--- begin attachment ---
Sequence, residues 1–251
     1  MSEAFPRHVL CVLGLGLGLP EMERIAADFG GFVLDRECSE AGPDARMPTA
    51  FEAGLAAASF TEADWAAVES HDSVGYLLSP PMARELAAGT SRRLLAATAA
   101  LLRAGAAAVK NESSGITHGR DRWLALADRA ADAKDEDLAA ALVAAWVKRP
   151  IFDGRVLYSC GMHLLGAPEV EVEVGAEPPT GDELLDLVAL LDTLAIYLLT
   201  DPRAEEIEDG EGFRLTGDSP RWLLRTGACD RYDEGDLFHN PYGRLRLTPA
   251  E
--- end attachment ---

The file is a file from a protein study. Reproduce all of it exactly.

Sequence, residues 1–251
     1  MSEAFPRHVL CVLGLGLGLP EMERIAADFG GFVLDRECSE AGPDARMPTA
    51  FEAGLAAASF TEADWAAVES HDSVGYLLSP PMARELAAGT SRRLLAATAA
   101  LLRAGAAAVK NESSGITHGR DRWLALADRA ADAKDEDLAA ALVAAWVKRP
   151  IFDGRVLYSC GMHLLGAPEV EVEVGAEPPT GDELLDLVAL LDTLAIYLLT
   201  DPRAEEIEDG EGFRLTGDSP RWLLRTGACD RYDEGDLFHN PYGRLRLTPA
   251  E